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Ex-Prosecutor: Victim’s Plea Won’t Help Polanski Much

If and when the director is returned to L.A., Superior Court Judge Espinoza will be the one figuring out what to do with him.

In a document surprisingly free of dry legal language, Santa Monica attorney Lawrence Silver’s statement on behalf of Samantha Geimer to dismiss the charges against Roman Polanski is extraordinary for its indignant tone.

The document lays out the suffering endured by Geimer every time the media spark the embers of the 32-year-old case. (Polanski admitted having sexual intercourse with Geimer in 1977, when she was 13.)

“Samantha Geimer just wants to be left alone,” Silver’s statement begins. “After 32 years of this, do you think she has that right?”

Silver, who arranged the original plea bargain that Polanski accepted so long ago, then spells out what “this” refers to:

– Her children being handed gifts from photographers in exchange for family information.

The interruption of her husband at his workplace by photogs and reporters.

Unnamed health-related issues that have been caused by all the renewed publicity.

That her employer is becoming irritated by the disruptions in her life, which she fears might cause her to lose her job.

It’s too early to gauge the possible effects of Silver’s statement, which was filed with California’s Second District Court of Appeal, but it’s not likely to halt the extradition process that now rests with Swiss authorities. (Lawrence Silver had not responded to an interview request by the time of this post.)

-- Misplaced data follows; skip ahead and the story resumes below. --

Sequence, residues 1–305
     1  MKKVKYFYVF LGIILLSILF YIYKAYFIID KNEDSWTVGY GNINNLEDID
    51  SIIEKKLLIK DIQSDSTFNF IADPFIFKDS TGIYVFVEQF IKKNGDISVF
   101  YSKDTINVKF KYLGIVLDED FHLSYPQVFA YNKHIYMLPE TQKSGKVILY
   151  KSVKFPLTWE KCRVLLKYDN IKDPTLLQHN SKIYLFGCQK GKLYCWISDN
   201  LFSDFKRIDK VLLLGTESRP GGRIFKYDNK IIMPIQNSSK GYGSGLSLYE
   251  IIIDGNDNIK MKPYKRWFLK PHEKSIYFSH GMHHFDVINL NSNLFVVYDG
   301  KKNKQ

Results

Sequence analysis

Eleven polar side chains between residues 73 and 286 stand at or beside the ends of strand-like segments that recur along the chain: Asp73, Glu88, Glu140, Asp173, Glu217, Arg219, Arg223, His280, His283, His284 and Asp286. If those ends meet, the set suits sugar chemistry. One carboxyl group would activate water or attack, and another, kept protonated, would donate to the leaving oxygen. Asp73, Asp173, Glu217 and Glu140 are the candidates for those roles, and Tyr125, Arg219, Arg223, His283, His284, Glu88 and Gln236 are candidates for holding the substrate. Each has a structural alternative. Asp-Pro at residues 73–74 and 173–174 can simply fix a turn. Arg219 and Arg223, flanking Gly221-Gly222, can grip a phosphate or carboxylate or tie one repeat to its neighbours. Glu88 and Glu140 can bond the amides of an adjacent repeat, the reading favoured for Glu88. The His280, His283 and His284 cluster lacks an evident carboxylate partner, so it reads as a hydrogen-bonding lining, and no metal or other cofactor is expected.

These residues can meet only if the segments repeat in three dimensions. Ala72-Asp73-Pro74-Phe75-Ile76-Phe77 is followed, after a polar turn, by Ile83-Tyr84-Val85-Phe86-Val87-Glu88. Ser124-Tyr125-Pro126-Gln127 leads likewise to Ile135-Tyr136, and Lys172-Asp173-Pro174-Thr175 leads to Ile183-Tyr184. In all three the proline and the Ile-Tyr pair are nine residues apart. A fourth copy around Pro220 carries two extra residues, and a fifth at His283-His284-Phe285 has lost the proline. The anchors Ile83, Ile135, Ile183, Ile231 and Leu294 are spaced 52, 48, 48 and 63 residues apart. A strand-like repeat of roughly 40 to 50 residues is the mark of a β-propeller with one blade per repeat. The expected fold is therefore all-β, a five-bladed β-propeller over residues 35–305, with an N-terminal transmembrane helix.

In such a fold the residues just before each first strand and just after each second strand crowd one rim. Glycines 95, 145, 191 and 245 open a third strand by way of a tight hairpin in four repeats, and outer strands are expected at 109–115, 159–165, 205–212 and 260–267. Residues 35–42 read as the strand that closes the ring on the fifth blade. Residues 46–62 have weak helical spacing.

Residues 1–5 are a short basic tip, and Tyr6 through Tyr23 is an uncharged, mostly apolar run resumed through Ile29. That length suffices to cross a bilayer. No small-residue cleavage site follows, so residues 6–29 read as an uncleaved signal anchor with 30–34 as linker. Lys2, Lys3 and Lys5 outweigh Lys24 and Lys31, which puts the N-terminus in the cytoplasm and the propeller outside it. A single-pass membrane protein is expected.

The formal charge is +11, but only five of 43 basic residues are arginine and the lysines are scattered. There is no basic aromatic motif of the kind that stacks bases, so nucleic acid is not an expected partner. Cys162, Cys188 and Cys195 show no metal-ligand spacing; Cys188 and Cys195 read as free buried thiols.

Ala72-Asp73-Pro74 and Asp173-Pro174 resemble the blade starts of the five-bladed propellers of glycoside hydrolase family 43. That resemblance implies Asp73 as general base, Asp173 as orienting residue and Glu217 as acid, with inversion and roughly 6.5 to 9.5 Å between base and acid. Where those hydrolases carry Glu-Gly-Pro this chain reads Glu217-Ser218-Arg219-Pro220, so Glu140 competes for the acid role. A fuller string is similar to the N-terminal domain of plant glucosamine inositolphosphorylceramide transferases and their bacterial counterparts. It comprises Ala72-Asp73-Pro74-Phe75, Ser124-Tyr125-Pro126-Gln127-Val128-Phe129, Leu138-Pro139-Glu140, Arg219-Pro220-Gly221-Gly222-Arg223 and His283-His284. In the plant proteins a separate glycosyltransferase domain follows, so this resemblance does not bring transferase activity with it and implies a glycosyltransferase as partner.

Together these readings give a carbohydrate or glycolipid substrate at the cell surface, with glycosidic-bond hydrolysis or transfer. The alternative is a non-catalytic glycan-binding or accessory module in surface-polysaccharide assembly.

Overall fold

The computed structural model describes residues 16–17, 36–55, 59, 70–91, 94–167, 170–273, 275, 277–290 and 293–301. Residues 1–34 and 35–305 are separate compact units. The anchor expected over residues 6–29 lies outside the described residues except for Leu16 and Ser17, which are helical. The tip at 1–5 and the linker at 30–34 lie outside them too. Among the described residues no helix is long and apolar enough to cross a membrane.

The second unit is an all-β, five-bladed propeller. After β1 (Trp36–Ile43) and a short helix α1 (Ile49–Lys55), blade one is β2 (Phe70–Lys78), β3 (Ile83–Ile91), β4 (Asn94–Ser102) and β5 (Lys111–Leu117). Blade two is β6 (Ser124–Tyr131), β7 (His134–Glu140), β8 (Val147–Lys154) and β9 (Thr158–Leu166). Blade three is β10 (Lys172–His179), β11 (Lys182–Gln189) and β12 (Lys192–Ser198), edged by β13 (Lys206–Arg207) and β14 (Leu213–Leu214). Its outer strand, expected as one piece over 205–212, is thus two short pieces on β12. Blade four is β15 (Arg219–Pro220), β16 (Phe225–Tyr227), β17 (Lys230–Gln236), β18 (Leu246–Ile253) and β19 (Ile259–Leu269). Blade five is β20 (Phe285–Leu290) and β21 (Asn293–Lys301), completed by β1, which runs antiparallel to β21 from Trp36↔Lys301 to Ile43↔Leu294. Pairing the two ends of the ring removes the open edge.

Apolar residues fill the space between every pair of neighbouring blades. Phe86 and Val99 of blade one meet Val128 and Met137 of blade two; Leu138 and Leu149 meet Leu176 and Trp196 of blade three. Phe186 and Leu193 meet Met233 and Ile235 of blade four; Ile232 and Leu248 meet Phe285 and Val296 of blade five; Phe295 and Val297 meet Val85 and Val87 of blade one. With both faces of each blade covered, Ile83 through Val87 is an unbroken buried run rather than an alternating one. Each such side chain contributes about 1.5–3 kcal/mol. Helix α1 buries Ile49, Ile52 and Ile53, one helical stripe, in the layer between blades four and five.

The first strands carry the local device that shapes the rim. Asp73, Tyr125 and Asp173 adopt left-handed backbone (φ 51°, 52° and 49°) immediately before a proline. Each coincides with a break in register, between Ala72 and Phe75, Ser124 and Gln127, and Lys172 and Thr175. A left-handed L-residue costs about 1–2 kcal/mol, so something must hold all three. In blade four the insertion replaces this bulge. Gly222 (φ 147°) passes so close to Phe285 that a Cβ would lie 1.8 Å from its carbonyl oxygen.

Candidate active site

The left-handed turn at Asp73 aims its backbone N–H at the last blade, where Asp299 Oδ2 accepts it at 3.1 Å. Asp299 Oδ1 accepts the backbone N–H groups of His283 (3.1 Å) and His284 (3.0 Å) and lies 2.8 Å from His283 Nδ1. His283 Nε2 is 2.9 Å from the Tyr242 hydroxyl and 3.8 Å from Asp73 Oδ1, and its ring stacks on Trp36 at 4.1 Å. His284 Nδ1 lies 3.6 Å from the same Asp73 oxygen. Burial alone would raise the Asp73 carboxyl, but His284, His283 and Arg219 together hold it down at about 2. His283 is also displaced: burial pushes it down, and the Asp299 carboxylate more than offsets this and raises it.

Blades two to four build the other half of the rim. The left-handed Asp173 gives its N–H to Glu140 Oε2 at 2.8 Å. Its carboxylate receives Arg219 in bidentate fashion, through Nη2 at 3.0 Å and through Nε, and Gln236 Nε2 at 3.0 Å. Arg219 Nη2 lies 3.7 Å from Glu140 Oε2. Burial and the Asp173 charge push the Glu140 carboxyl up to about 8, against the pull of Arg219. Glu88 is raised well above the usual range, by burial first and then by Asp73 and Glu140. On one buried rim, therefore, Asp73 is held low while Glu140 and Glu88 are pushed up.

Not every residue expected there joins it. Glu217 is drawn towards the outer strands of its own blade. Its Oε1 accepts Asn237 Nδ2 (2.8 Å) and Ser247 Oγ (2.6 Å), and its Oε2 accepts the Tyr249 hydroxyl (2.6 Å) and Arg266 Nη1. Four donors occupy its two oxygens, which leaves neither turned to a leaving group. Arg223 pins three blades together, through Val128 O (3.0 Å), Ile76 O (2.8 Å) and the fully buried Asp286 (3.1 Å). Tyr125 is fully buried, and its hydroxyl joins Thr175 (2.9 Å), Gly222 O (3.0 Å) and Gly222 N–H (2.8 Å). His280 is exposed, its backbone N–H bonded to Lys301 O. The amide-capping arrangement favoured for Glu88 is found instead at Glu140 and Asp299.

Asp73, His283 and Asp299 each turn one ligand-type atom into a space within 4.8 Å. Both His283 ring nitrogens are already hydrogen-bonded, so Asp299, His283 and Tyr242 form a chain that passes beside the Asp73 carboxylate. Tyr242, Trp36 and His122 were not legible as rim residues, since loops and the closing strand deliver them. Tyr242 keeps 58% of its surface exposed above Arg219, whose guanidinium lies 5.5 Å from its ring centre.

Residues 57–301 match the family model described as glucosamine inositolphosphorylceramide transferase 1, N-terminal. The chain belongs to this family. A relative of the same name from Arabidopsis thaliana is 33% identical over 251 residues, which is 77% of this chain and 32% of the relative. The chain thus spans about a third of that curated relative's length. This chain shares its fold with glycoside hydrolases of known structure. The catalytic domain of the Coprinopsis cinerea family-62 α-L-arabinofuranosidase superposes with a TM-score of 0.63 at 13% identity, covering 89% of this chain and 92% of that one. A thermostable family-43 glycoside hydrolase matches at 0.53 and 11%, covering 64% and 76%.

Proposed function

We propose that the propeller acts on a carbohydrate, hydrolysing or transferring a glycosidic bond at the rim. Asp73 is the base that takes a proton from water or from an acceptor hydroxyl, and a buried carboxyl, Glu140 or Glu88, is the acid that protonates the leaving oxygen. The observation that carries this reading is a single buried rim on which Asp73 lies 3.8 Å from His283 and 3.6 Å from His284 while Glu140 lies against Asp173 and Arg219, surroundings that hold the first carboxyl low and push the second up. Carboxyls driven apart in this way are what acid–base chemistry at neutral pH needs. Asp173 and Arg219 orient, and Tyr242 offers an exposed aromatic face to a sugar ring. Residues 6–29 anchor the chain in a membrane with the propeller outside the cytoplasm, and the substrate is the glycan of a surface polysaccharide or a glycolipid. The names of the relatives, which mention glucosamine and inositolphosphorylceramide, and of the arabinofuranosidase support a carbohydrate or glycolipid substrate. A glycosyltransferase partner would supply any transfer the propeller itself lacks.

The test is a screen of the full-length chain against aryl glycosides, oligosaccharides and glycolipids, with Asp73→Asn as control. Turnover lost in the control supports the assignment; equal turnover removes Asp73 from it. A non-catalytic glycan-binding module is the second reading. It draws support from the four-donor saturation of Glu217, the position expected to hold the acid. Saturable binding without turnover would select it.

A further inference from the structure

“It’s not up to the victim to decide if charges are pressed, it’s up to the prosecution,” says former federal prosecutor Jean Rosenbluth, who teaches law at USC. “The fact that she took some kind of financial settlement will color how her statement’s perceived by the prosecutors and judge.” (Geimer settled a civil suit against Polanski in 1993, although many of its detail remain unknown.)

If and when Polanski is returned to Los Angeles, Superior Court Judge Peter Espinoza will be the one figuring out what to do with Polanski – the appellate court is indirectly involved in the case because, before his arrest, it was hearing an appeal from Polanski’s lawyers to let them argue for the dismissal of the charges he faced without Polanski having to appear in person. Spinoza already received a similar declaration from Geimer in January.

Still, Rosenbluth says, there is a theoretical possibility that Polanski could wind up facing a new trial and, in that instance, prosecutors might have to think twice of pressing their case if Geimer refuses to cooperate.

“Her statement is more likely to effect any sentence that Polanski might face, since he’s already been convicted. Her views are probably not foremost in [the prosecutors’] minds right now.”